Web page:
While we are working on the houses, our specialist like plumbers and electricians are spread thinly across the project too. It is hard to schedule their time, and we have down time while waiting for them. Even worse than the down time, is the fact that while they are running from house to house trying to get things done, they aren’t as thorough as they should be. We find ourselves calling them back, cleaning up after them, or just don’t know that something was missed until the property is inspected. They suffer from task switching and trying to make everyone happy at the same time.
Everyone is stressed, progress is hard to see. Leadership pushes for more, and the teams become dissatisfied with their job.
We rank the houses by Return on Investment (ROI) or Weighted Shortest Job First (WSJF – considering job size, sunk costs, and cost of delay), and all of us begin work on the house(s) with the biggest ROI/WSJF. When the first house is finished we can immediately sell or rent it, moving on to each subsequent house completing them with dedicated resources until all houses are complete. Worst case, the last house is not complete for 12 or 13 months, however we have been receiving money from the first house for 10 months, and each subsequent house as completed. By the time we get to the last house, we may decide just to bulldoze it and build a park.
We welcome change. More importantly, we can choose to change. We haven’t wasted any work identifying what will be done ahead of time. We identify what we need for each house “Just-in-time”. If there is a new “green” lighting system available, we can choose to change the plans and use it. If we decide to add heated flooring in a particular area of the next house, we can. Furthermore, we can decide if it makes sense to include these items in other houses based on the impact to just one house.
Our rework on each house is minimal. Our teams get faster at doing their work the longer they work together as a team. Everyone sees constant progress towards a shared end goal.
We have our supporting infrastructure in place. We know who is responsible for the work, and can trust everyone to do their best. The team gains positive momentum, and direct feedback. Everyone sees progress. We follow Lean and Agile Principles to ensure our teams are happy and fulfilled with their job.
One of the hardest things for companies transforming to Agile to accept is the idea that team members are to be dedicated to the teams to which they are members. When it comes down to it, it is really about the cultural shift.
In order to better understand what the cultural shift is, you must first ask yourself: “do I know what a team really is?” A team is defined as “a small number of people with complementary skills, who are committed to a common purpose, performance goals, and an approach for which they hold themselves accountable.” Teams that are geared toward the same goals are much more productive and are said to be able to accomplish more together than individually— “T.E.A.M. = Together Everyone Achieves More!”
Traditionally, when we discuss teams, we talk about them in the context of project teams. However, there are a few things about ‘project teams’ that cause us to pause as we refer to the definition of what a team really means.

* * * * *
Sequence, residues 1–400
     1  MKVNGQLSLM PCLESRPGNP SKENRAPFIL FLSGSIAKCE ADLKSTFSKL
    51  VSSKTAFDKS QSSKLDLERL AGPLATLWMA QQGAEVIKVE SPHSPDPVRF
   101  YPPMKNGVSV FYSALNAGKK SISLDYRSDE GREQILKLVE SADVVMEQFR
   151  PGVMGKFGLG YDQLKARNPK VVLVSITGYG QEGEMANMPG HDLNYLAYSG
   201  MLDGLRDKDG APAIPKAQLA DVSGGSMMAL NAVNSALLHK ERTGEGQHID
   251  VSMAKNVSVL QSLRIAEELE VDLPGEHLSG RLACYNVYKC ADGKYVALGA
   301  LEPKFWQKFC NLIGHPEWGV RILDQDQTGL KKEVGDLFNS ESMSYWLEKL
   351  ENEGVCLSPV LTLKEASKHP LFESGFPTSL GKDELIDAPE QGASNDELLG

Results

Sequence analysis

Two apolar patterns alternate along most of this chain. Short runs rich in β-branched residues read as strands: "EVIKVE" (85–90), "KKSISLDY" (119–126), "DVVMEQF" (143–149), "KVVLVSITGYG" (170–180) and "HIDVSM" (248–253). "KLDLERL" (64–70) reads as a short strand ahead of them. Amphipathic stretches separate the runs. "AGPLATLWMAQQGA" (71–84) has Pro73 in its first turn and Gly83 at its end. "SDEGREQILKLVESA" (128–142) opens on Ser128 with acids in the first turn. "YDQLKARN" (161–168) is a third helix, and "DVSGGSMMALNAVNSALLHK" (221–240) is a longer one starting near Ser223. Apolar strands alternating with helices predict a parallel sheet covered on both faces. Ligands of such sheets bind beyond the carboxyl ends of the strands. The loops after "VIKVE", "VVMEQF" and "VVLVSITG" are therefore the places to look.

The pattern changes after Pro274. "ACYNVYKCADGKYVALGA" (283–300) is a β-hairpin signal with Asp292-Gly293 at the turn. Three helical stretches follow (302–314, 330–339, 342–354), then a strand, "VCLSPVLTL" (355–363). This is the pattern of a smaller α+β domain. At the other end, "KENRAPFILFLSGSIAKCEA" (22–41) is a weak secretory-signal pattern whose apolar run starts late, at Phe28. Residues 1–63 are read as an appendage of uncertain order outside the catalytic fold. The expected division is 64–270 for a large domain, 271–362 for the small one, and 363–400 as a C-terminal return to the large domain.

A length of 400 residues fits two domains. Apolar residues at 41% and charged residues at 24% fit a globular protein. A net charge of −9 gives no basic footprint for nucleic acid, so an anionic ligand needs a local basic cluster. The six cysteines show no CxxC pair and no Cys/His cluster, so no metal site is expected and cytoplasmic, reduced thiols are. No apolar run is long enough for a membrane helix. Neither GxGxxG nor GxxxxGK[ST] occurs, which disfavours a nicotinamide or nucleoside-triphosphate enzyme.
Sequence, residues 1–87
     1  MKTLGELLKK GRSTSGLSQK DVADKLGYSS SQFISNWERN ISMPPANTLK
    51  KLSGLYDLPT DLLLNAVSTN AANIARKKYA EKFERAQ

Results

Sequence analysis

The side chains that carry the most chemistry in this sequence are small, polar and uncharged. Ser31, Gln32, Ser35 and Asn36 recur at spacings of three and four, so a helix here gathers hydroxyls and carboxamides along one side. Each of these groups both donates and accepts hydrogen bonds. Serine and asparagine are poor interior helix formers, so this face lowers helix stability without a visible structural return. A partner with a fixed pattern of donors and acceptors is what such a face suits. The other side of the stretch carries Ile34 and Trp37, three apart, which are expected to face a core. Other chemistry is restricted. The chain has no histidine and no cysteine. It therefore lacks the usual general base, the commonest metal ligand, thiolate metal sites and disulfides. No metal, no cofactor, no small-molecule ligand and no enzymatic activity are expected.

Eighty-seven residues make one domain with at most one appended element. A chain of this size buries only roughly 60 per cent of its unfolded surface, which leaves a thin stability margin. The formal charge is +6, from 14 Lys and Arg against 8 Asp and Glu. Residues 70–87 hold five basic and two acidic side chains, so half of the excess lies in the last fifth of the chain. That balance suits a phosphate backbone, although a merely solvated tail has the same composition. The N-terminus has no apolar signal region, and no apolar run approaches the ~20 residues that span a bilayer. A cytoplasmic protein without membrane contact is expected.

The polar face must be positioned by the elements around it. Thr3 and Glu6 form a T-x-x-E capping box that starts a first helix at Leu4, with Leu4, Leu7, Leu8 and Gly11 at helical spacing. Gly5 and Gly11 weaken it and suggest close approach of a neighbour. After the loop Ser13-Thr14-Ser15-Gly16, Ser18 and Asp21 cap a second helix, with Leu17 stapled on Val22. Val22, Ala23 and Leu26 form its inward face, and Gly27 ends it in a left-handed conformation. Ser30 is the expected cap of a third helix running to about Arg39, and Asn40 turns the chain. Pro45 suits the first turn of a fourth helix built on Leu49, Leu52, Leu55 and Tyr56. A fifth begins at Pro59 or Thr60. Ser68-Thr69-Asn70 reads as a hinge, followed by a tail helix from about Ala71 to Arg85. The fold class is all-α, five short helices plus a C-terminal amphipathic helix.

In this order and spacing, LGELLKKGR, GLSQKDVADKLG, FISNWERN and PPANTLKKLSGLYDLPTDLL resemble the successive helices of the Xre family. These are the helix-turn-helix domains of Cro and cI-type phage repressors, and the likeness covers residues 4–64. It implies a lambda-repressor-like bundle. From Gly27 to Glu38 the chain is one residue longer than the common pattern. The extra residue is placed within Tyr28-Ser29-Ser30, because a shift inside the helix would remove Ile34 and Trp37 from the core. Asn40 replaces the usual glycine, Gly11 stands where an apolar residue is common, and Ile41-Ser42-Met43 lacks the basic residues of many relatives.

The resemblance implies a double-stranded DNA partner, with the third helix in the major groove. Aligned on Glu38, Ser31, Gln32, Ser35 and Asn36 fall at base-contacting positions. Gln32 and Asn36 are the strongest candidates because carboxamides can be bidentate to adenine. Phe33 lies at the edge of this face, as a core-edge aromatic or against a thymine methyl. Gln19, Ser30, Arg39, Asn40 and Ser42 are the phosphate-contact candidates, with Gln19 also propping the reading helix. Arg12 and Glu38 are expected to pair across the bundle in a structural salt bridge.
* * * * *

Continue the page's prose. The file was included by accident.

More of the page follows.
One of the things about ‘project teams’ that cause some dread is the fact that project team members are not fully dedicated to the efforts of the one project team. In most cases, each member ends up being a member of multiple project teams. As members become members of multiple teams, their focus is interrupted and therefore undermines their commitment to each of the ‘teams’ they are a member of. It becomes hard to hold yourself accountable when you feel an obligation to commit to multiple teams, which usually will have different goals!
Another thing about ‘project teams’ that poses some stress is that they are only together for a short period of time then the members disperse and join other teams. When this happens, they now have to build their commitment and goals, as a team, all over again. If teams must continually come together then are broken apart, sooner or later the commitment to the team means nothing. Each time the team dynamic changes, the productivity of the team goes down and very seldom has time to recover before there are more changes.
How does this change with Agile, you ask…
As organizations move toward a more Agile-driven one, how they ‘build’ teams becomes very important. One of the main goals of Agile teams is that they are geared toward a specific backlog, which is centered around a particular product. Once the team is set with the members, they have the ability to rally around the backlog and focus on that.
When building teams around a specific backlog, or product, it is easy to have them focus on the single team that they are members of. Using this idea, the members that are on the Agile team are all dedicated to the same goals and outcome. When this happens, the members have a higher level of commitment because they are dedicated to the one team and can focus on the goals of that team and none others.
Agile teams that are geared toward a specific backlog, or product, have no reason to be dispersed at the end, because there is no end. Because a backlog, or product, is for all purposes, never-ending, the team keeps working on the backlog and the organization, in some way, keeps the backlog full with things that the product needs to have or do.
As the culture shifts from one geared toward the traditional definition of team to the Agile team concept, their focus and commitment shifts. It is the organization’s job to support the change in the team structure and help to keep the team focused on the idea that “T.E.A.M. = Together Everyone Achieves More!” holds true!
Tune in next time, when we talk about what it means to be a cross-functional, dedicated team…